Practicing solely in the field of first-party claims and studying, debating, and analyzing with others within Merlin Law Group raises the bar and makes our law firm members better at what we do. We also study other cases to learn winning techniques and what to avoid. Bad faith cases are never easy. But I was somewhat surprised while studying a recent Pennsylvania court’s decision to go out of its way to find delay and underestimating “reasonable.”1 I wonder if the court would have ruled the same way if an insurer stopped his paycheck and prevented him from making rulings for 17 months?

As noted in Supreme Court of Pennsylvania Upholds Bad Faith Standards But Does Not Require a Showing of Malicious Intent, Pennsylvania does not require ill motive by the insurer to prove bad faith:

[W]e hold that, to prevail in a bad faith insurance claim pursuant to Section 8371, a plaintiff must demonstrate, by clear and convincing evidence, (1) that the insurer did not have a reasonable basis for denying benefits under the policy and (2) that the insurer knew or recklessly disregarded its lack of a reasonable basis in denying the claim. We further hold that proof of the insurer’s subjective motive of self-interest or ill-will, while perhaps probative of the second prong of the above test, is not a necessary prerequisite to succeeding in a bad faith claim. Rather, proof of the insurer’s knowledge or reckless disregard for its lack of reasonable basis in denying the claim is sufficient for demonstrating bad faith under the second prong.

Pennsylvania also had codified claims handling standards as noted in Claims Handling Requirements by State – Pennsylvania:

Pennsylvania code provides that a carrier must acknowledge the claim, provide all claims forms, instruction and reasonable assistance to the claimant within 10 working days of receipt of the claim. They must reply to all ‘pertinent’ communications within 10 working days. The insurance carrier must complete its investigation within 30 days of their receipt of the notification of the claim. If they cannot meet that deadline, they must send written notice to the insured as to why additional time is needed within those 30 days and every 45 days thereafter. They must advise of a first party claimant of acceptance or denial of the claim within 15 working days of the receipt of a proof of loss. Finally, the carrier must advise all first party claimants with whom they are negotiating if a statute of limitation may affect their rights at least 30 days before the deadline would expire.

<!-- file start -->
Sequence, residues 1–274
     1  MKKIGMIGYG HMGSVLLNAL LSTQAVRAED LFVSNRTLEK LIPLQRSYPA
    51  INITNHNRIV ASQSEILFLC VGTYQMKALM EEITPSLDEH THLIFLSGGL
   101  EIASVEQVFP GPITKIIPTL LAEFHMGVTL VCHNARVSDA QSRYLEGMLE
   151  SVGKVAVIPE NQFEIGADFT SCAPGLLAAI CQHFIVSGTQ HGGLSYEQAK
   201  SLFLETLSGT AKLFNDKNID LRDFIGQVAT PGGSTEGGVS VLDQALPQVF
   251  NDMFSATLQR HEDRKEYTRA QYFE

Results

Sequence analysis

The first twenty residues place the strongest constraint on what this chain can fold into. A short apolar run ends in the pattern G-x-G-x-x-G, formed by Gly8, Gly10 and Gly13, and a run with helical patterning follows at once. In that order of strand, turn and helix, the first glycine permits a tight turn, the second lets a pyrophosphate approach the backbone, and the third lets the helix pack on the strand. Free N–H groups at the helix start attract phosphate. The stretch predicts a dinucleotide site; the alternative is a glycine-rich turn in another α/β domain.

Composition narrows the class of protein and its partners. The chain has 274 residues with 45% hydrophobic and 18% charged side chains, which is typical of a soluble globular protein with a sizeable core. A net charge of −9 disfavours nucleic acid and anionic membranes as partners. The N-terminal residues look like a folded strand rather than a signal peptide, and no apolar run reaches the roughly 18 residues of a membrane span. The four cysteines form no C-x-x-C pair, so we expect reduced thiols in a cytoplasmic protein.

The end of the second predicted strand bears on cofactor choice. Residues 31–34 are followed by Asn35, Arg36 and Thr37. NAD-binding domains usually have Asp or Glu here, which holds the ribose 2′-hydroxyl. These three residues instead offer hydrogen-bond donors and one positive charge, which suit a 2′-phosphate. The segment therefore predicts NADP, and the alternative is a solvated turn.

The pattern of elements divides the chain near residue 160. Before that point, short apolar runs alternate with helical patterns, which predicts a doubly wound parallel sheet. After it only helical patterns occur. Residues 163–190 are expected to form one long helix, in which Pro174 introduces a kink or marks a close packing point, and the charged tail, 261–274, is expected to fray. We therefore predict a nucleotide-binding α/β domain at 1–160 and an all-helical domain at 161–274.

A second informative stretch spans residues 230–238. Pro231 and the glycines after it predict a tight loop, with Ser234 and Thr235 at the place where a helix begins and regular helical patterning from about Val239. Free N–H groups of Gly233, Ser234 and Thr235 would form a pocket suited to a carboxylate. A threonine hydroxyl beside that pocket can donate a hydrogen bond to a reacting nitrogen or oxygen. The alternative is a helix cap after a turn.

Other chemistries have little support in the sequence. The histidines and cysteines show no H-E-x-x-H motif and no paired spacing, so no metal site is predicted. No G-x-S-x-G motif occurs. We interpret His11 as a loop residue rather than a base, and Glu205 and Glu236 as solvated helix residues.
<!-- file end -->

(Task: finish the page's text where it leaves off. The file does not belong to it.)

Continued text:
A Pennsylvania federal trial court bad faith decision from earlier this year found:

‘Bad Faith on the part of insurer is any frivolous or unfounded refusal to pay proceeds of a policy; it is not necessary that such refusal be fraudulent.’ Atiyeh v. Nat’l Fire Ins. Co., 742 F. Supp. 2d 591, 598 n.14 (E.D. Pa. 2010) (quoting Terletsky v. Prudential Prop. & Cas. Ins. Co., 649 A.2d 680, 688 (Pa. Super. Ct. 1994)). ‘For purposes of an action against an insurer for failure to pay a claim, such conduct imports a dishonest purpose and means a breach of a known duty (i.e., good faith and fair dealing), through some motive of self-interest or ill will; mere negligence or bad judgment is not bad faith.’”…

In order to succeed on a claim of bad faith pursuant to § 8371, the plaintiff must ‘[D]emonstrate that the insurer (1) lacked a reasonable basis for denying benefits and (2) knew or recklessly disregarded its lack of a reasonable basis.” Id. at 598 (citing Toy v. Metro. Life Ins. Co., 928 A.2d 186, 193 (Pa. 2007). At the same time, ‘[S]ection 8371 is not restricted to an insurer’s bad faith in denying a claim. An action for bad faith may [also] extend to the insurer’s investigative practices.’ Greene v. United Servs. Auto. Ass’n, 936 A.2d 1178, 1187 (Pa. Super. Ct. 2007) (alterations in original) (quoting Condio v. Erie Ins. Exch., 899 A.2d 1136, 1142 (Pa. Super. Ct. 2006)). Indeed, the term bad faith ‘encompasses a wide variety of objectionable conduct,’ including ‘lack of good faith investigation into facts, and failure to communicate with the claimant.’2